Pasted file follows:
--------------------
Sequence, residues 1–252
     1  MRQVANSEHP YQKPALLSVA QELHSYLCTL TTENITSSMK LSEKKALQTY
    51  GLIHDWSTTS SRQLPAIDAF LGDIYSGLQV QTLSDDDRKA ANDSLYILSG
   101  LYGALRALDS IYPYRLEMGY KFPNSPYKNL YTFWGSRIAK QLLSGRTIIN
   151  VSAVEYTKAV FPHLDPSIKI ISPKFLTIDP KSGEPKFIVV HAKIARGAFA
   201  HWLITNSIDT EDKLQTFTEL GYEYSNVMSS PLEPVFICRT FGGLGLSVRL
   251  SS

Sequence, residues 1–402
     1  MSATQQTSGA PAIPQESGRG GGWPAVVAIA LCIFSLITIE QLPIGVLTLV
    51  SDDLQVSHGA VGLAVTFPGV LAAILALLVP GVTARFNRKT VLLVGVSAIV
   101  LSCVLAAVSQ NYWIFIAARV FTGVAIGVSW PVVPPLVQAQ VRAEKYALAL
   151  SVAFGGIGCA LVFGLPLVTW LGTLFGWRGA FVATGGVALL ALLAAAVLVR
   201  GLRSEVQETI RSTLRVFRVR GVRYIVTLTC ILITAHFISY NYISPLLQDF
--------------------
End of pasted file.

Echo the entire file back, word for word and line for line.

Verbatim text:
Sequence, residues 1–252
     1  MRQVANSEHP YQKPALLSVA QELHSYLCTL TTENITSSMK LSEKKALQTY
    51  GLIHDWSTTS SRQLPAIDAF LGDIYSGLQV QTLSDDDRKA ANDSLYILSG
   101  LYGALRALDS IYPYRLEMGY KFPNSPYKNL YTFWGSRIAK QLLSGRTIIN
   151  VSAVEYTKAV FPHLDPSIKI ISPKFLTIDP KSGEPKFIVV HAKIARGAFA
   201  HWLITNSIDT EDKLQTFTEL GYEYSNVMSS PLEPVFICRT FGGLGLSVRL
   251  SS

Sequence, residues 1–402
     1  MSATQQTSGA PAIPQESGRG GGWPAVVAIA LCIFSLITIE QLPIGVLTLV
    51  SDDLQVSHGA VGLAVTFPGV LAAILALLVP GVTARFNRKT VLLVGVSAIV
   101  LSCVLAAVSQ NYWIFIAARV FTGVAIGVSW PVVPPLVQAQ VRAEKYALAL
   151  SVAFGGIGCA LVFGLPLVTW LGTLFGWRGA FVATGGVALL ALLAAAVLVR
   201  GLRSEVQETI RSTLRVFRVR GVRYIVTLTC ILITAHFISY NYISPLLQDF